Another policy change would be to allow businesses to deduct all forms of worker training, including those which would qualify individuals for a new position, rather than limiting it to certain types of training or certain degree programs.[30] For example, Caleb Watney discusses deductibility in the context of worker shortages in the artificial intelligence field:[31]

Employers may currently deduct a portion of the costs of worker training as long as it is to improve productivity in a role they already occupy, but…employers may not deduct the costs if it would qualify them for a new trade or business. Expanding this deduction—both in size and scope—so that the full cost of worker training for new trades could be deducted would incentivize more investment in building the AI workforce that is needed to fuel our economy. Given the pre-existing level of interest by employers in this strategy, it seems likely this could become a fruitful part of our domestic AI pipeline, if given more support.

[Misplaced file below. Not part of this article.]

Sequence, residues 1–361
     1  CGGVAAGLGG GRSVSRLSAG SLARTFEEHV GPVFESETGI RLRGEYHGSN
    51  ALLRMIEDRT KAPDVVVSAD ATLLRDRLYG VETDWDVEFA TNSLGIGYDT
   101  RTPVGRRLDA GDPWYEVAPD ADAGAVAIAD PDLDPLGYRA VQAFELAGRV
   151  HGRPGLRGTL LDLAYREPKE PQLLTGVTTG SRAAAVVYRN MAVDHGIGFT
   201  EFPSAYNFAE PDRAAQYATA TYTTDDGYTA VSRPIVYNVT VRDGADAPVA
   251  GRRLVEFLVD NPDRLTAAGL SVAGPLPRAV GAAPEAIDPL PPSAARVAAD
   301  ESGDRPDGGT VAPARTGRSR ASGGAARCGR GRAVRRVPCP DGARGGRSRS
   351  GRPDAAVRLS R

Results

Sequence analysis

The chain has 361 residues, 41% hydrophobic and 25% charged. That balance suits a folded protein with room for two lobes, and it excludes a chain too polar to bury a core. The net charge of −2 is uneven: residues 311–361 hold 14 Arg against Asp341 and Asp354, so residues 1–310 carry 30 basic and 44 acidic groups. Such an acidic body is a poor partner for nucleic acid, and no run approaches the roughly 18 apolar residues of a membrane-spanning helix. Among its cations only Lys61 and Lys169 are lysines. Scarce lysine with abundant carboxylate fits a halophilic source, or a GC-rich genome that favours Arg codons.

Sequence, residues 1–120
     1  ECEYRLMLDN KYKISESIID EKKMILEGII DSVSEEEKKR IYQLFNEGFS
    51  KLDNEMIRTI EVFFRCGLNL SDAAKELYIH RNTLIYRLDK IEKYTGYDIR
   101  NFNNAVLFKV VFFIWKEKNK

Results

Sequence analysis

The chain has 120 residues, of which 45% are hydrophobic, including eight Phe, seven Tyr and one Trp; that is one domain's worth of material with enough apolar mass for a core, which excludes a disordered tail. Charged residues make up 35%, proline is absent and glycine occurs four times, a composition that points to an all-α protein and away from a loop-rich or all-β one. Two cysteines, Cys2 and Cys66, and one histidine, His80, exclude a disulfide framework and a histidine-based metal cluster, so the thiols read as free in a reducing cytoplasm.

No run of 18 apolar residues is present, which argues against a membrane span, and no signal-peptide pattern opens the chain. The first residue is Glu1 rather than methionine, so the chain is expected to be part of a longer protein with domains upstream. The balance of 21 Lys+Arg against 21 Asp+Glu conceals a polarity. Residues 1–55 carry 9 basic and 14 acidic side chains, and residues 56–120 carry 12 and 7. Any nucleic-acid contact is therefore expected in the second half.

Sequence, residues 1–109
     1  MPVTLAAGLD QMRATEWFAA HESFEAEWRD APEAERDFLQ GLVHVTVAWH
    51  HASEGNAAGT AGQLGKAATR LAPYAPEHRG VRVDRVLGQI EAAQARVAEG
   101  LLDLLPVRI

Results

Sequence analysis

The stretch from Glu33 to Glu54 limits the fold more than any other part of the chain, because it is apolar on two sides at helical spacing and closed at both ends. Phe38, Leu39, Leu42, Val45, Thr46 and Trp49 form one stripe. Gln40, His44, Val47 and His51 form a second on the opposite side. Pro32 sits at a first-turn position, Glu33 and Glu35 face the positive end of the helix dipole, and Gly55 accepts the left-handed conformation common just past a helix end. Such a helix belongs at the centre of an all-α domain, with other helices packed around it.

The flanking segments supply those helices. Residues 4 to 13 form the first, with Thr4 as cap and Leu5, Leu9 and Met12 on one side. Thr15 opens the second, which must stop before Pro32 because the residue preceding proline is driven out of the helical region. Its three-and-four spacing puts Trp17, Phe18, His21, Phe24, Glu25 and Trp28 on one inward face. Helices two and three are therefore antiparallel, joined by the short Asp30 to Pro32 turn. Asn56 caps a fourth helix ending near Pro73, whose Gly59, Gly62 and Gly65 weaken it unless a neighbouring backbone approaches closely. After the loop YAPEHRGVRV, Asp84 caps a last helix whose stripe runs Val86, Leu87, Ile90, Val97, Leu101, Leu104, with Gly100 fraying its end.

Proposals to change the tax treatment for individuals exist as well. Most recently, Senators Amy Klobuchar (D-MN) and Ben Sasse (R-NE) introduced Senate Bill 275, which would provide lifelong learning accounts to pay for education expenses including skills training, apprenticeships, and professional development.[32]

Evaluating proposals

Any proposed change should be evaluated according to the following principles: simplicity, administrability, neutrality, and efficiency.

Simplicity and Administrability